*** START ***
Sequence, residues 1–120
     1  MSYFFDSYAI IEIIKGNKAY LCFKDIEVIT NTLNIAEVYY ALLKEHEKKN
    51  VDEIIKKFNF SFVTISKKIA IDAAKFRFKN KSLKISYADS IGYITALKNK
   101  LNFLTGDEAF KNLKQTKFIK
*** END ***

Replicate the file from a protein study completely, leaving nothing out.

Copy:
Sequence, residues 1–120
     1  MSYFFDSYAI IEIIKGNKAY LCFKDIEVIT NTLNIAEVYY ALLKEHEKKN
    51  VDEIIKKFNF SFVTISKKIA IDAAKFRFKN KSLKISYADS IGYITALKNK
   101  LNFLTGDEAF KNLKQTKFIK